Anger management

 

imagesAnger is a strong emotion.  Some of us can manage it whilst others find that it overtakes them, leaving them without any sense of control.

“Those who spend (in Allah’s cause) in prosperity and in adversity, who repress their anger, and who pardon men, verily, Allah loves the al-Muhsinun (the good-doers).”
[Surah Al-Imran (3) : Ayah 133-134]

 Abu Hurairah related that the Messenger of Allah, sallallahu ‘alayhi wasallam, said:  “A strong person is not the person who throws his adversaries to the ground. A strong person is the person who contains himself when he is angry.”    [Al-Bukhari; Book 47, No. 47.3.12]


I despise confrontation and do my best to stay away from it, so anger has never been a prominent emotion in my life.  The idea of hurting the ones that are closest to me pains my heart, and anger is an emotion that leads to this.   A temporary loss of our senses leads us to saying things that are hurtful: bursts of strong, deep-felt words that often come out with exaggeration and aggression.  My late father always used to say that the best way to win an argument is to walk away, and without a doubt, his wise words have helped me to remain calm in the face of adversity.  A moment of anger may temporarily help us to release pent up emotions, but ultimately it can lead to pain and regret.

So what is it that sparks off that fire? What triggers our blood to start boiling? Many a time it is our nearest and dearest that evoke this negative emotion – clearly, the ones we love the most are the ones that will also upset us the most when they speak or act in a manner that displeases us.  To take a deep breath and respond with calmness is not an easy task, especially if you are a strong, passionate person who reacts instinctively with emotions.  This is where one’s faith comes in.  Our existence in this world should be a positive experience, not just for ourselves but for all of those around us, and reacting to negativity with serenity and understanding allows those around you to be inspired.  It takes a bigger man to walk away, a bigger man to react with a smile, rather than with aggression and it is this concept that many faiths preach to their followers.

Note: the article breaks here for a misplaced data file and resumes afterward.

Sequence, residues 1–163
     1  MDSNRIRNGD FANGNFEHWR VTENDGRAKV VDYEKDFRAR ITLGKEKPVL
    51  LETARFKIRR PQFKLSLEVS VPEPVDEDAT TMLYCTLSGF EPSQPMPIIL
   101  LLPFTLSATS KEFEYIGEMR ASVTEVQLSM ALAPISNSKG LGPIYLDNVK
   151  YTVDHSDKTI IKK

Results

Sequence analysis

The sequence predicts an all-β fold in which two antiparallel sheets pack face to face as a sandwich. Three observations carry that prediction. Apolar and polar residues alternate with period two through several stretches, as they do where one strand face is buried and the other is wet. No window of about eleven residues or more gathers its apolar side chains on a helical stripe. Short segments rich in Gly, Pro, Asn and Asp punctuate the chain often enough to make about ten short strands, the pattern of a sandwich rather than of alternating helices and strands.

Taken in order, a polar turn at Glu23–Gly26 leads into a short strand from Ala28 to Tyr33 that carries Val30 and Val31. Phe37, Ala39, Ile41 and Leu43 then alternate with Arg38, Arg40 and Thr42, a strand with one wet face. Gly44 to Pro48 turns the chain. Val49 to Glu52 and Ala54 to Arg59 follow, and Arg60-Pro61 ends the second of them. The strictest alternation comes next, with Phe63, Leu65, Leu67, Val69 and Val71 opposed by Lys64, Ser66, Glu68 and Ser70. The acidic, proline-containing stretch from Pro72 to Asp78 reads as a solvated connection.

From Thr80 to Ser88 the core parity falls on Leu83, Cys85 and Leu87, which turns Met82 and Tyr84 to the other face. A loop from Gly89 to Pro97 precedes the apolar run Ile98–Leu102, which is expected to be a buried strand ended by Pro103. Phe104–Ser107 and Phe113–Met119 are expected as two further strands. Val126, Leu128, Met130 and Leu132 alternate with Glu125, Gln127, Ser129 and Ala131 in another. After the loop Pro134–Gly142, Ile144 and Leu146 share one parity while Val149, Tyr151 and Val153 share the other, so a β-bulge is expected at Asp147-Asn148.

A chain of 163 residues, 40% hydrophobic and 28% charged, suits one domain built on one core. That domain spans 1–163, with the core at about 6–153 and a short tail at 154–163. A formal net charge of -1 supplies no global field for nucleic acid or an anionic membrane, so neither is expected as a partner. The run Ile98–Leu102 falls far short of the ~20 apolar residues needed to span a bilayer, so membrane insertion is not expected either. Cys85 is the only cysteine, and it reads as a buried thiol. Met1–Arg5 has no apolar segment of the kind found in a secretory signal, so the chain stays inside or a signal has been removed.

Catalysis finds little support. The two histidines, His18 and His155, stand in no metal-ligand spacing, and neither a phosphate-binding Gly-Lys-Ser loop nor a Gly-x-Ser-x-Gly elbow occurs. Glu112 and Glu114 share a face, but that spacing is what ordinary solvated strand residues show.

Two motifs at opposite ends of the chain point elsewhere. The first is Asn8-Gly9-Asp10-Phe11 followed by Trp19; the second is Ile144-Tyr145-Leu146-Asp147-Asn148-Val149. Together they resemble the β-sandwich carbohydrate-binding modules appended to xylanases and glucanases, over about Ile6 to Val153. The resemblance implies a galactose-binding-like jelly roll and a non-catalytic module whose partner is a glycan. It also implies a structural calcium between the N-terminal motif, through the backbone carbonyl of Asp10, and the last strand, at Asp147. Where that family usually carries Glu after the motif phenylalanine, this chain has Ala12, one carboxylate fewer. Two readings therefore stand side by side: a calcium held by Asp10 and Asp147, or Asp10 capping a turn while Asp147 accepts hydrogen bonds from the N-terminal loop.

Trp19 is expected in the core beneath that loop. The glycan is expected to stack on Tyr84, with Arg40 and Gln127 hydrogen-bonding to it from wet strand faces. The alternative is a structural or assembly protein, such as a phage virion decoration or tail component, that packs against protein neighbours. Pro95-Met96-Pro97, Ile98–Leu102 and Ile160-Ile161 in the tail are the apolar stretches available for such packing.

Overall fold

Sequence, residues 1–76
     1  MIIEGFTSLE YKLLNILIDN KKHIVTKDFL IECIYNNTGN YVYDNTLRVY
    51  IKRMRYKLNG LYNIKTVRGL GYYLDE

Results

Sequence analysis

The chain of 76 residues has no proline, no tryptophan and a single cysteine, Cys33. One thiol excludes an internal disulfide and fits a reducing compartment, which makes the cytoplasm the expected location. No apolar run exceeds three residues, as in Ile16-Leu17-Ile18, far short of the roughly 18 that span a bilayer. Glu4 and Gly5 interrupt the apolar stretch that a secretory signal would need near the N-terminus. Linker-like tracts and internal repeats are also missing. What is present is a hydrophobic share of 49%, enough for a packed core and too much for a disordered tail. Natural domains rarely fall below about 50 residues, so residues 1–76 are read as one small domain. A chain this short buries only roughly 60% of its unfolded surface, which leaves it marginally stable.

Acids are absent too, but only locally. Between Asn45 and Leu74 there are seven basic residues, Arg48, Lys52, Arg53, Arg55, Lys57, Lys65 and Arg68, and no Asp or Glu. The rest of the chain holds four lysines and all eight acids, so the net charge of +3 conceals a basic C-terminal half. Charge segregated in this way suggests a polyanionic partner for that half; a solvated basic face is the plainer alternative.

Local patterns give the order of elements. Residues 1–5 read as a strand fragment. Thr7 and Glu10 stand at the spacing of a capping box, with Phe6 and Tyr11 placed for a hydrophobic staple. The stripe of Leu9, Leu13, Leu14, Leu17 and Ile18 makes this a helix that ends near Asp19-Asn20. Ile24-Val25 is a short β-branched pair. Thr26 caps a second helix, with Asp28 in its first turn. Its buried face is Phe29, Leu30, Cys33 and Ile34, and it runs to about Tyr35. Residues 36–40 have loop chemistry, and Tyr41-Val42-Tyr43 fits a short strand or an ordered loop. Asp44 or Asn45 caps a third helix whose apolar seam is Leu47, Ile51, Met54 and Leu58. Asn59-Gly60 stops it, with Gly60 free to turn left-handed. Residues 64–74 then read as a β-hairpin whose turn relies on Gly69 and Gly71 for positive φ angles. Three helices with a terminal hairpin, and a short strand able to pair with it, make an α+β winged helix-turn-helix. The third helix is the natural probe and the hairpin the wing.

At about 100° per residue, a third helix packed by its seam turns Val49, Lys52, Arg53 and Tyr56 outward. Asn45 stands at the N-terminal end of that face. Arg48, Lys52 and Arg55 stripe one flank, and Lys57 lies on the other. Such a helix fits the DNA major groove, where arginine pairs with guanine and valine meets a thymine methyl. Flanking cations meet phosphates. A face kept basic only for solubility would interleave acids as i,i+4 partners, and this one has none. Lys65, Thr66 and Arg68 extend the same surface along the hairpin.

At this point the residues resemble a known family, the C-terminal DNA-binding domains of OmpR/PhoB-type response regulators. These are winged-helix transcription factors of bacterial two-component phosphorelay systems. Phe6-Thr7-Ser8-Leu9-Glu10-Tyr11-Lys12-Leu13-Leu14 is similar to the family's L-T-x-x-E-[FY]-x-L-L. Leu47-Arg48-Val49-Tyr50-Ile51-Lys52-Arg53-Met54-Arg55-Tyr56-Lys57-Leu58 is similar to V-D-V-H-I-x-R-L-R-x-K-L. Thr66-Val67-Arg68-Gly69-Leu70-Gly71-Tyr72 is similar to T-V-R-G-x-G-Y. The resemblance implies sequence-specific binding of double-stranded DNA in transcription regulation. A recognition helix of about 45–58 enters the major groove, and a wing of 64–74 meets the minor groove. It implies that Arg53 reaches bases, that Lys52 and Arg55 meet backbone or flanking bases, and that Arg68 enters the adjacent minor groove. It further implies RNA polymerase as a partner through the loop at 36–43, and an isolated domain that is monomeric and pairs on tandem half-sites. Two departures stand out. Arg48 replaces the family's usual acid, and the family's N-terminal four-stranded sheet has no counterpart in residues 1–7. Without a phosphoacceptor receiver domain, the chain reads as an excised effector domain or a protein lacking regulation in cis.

Unfortunately, there are many cases of Muslims reacting to an act of injustice, however big or small, with outright anger.  Anger that sometimes breeds violence.  These cases of overt cruelty towards humanity weighs heavily on the hearts of those Muslims who try their upmost to uphold the above quotations from the Quran and Ahadith.  Many of us attempt to live the life of our supreme role model, the prophet Muhammed (peace be upon him) yet a minority ignore the strict guidelines that our faith makes, choosing instead to follow the animal instinct that hides in all of us, breeding misconceptions of Islam and truly betraying the very heart of our faith.

We may not be able to control those who turn their anger in to violence, but as individuals we can all attempt to hold back our anger, not just for ourselves, but for the sake of others.  Anger breeds negativity and negativity diminishes good health.  It is an unpleasant characteristic that, when not kept in check, can draw people away from us.  Let us all remember to take a deep breath when we feel those anger bugs bite and let us all learn to walk away.  Time always makes what seemed like the end of the world less of a disaster so take some time out rather than jumping, head on in to the war zone.   Learn the art of anger management – the rewards are truly beneficial for all.

 

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